A mother has the ability to soothe injury, dry tears and calm anxiety all with the sound of her voice. Does she harness a magical force, or is there really some hard science behind a mom’s stress-busting tones?
Many would argue that a child’s relationship with her mother begins in the womb, long before birth. Whether you subscribe to that belief or not, it’s tough to argue with the immediate and deep connection established between a mother and her baby quickly after birth. “Newborn infants show a preference for their mother's voice, and they also prefer that familiar sound while still in the womb, per a study by Barbara Kisilevsky at Queens University in Ontario,” says Heather Hans, a psychotherapist, licensed social worker, holistic healer and single mom. “The voice is the physical representation of the connection between mother and child and can be felt as a physical force.”
Sometimes it’s not just the words but the tone of a mother’s voice that can calm a child and perhaps even speed healing of premature babies, for example.
“In the case of a biological mother, it is a voice we heard in utero,” says Dr. Ramani Durvasula ("Dr. Ramani"), a licensed clinical psychologist and professor of psychology. “In the case of all mothers — the pitch and tone of her voice is something we heard when we were pre-verbal and it coo-ed and soothed us, and while we may not remember her doing it, that sound can still be associated with comfort and soothing.” Furthermore, a study published in the journal Proceedings of the Royal Society B, shows that preadolescent girls exposed to stress showed lower cortisol (also called the “stress hormone”) and increased oxytocin (the “love hormone”) levels after physical and/or verbal contact with their mothers.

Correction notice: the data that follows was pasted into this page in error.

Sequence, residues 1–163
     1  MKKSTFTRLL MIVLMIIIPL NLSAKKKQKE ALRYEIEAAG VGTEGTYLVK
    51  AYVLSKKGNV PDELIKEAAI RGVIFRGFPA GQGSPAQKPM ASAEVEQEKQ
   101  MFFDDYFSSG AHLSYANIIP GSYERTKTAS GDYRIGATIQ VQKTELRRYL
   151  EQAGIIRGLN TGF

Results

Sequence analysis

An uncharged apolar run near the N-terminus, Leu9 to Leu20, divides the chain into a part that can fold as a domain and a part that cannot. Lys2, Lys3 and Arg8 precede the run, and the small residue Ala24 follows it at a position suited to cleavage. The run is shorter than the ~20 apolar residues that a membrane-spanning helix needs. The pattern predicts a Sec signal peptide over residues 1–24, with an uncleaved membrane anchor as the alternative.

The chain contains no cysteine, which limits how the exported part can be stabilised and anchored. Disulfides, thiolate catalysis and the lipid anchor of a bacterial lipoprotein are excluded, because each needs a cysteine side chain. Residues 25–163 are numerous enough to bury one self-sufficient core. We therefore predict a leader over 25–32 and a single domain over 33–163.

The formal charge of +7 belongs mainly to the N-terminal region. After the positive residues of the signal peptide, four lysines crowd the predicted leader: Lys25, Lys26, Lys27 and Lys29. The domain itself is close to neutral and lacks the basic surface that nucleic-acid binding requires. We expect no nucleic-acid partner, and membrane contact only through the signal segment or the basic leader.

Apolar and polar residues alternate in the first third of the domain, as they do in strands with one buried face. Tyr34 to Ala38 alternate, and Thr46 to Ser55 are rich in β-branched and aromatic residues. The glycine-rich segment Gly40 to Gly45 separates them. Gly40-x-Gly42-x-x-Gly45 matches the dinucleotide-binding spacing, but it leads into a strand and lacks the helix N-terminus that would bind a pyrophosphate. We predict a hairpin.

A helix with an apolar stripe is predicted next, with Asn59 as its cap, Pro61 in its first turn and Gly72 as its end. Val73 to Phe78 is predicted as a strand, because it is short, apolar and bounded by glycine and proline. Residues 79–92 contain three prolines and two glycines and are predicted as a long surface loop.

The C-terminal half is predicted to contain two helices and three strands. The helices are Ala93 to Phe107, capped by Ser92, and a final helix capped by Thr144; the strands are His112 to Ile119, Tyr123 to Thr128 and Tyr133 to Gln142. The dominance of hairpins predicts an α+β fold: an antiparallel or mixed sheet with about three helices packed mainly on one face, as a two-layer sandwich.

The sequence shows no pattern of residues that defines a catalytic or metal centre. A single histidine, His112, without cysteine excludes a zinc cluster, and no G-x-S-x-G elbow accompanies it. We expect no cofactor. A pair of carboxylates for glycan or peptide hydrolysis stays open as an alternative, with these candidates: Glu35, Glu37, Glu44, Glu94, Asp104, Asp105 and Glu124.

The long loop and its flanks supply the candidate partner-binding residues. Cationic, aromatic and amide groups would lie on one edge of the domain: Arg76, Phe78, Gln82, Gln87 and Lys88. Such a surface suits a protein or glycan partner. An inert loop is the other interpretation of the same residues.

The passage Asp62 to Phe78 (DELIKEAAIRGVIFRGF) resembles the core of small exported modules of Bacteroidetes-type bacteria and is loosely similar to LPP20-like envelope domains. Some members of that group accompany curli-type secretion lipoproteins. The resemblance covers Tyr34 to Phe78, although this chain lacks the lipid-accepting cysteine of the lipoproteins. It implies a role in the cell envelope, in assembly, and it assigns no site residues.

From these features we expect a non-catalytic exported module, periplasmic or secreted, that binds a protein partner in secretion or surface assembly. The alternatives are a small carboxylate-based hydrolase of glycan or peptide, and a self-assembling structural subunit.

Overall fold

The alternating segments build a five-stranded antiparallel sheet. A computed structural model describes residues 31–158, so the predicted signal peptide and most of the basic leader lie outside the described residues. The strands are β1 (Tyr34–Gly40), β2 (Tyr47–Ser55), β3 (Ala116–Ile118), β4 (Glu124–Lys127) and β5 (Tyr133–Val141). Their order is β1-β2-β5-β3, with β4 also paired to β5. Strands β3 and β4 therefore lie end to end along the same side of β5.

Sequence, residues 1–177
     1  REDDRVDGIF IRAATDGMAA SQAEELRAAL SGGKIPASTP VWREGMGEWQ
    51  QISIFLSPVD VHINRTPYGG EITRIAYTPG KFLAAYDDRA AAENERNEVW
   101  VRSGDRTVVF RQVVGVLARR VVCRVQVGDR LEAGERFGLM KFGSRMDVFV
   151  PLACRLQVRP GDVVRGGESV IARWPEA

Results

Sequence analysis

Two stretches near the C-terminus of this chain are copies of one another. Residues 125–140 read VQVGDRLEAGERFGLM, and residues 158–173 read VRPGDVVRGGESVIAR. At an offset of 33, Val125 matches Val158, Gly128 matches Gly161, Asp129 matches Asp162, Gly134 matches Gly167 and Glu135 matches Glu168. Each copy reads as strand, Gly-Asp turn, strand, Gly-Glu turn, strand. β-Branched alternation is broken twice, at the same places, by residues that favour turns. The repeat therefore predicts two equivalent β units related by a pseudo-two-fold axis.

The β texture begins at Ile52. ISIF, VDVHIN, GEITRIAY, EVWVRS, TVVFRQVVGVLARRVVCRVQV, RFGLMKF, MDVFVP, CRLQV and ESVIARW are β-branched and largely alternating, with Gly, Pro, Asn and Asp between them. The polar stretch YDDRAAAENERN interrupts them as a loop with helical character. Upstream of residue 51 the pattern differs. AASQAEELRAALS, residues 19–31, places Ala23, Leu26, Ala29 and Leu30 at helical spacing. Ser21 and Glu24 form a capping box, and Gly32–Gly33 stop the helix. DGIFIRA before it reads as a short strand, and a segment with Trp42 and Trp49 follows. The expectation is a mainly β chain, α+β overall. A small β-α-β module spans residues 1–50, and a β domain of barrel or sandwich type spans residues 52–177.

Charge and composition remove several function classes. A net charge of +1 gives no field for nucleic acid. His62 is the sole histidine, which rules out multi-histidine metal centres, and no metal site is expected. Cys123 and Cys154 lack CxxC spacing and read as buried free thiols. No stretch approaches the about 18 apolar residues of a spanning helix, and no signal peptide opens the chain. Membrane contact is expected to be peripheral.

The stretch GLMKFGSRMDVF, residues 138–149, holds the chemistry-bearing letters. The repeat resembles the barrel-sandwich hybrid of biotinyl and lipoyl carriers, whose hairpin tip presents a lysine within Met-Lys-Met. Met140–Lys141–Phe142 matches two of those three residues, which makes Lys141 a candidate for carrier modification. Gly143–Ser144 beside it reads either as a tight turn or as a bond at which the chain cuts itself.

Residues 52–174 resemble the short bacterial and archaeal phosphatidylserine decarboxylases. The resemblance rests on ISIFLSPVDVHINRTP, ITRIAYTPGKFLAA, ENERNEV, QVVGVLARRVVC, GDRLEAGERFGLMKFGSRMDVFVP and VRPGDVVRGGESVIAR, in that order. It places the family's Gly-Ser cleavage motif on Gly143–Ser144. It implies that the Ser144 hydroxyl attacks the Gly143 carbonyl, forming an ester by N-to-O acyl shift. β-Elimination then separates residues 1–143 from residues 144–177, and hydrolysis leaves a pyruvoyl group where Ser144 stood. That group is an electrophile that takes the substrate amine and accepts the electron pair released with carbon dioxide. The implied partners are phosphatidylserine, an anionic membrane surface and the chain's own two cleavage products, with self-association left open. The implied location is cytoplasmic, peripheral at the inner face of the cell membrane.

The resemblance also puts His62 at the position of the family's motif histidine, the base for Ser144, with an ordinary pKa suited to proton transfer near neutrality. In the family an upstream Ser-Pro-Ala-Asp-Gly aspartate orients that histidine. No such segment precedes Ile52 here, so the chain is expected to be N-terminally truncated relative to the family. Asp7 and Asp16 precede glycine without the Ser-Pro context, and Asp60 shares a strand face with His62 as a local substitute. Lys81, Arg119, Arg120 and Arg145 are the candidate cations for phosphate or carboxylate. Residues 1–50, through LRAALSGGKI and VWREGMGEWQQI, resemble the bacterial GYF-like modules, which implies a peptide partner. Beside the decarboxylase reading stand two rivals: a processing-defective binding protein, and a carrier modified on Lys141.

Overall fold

Patti Wood is an expert in nonverbal communication and author of several books, including SNAP: Making the Most of First Impressions, Body Language and Charisma. She understands why even as adults, we reach out to our mothers during times of stress or difficulty. “If your mother’s voice comforts you, increasing the feel-good chemical oxytocin and reducing cortisol, it makes sense that you would seek it out,” she says. Dr. Ramani agrees saying, “Just like certain smells are soothing because they evoke our childhood home, so too can a voice — as auditory senses were a way we oriented to the world as infants and children — and words and sounds were how our mothers comforted us.”
Often mothers don’t appreciate the power of their words — both the content and the tone. But knowing how truly impactful a mother’s words can be on a child should make us all think twice about the way we communicate with our kids. “I think that this is a wakeup call for current parents — strive to make your voice the voice they internalize and [that] will soothe your children when they are older,” says Dr. Ramani. “My mother spoke to me in an Indian language called Telegu, and although she and I have a somewhat strained relationship at times, there are still times that her Telegu words still soothe me like nothing else — at a primitive level.”
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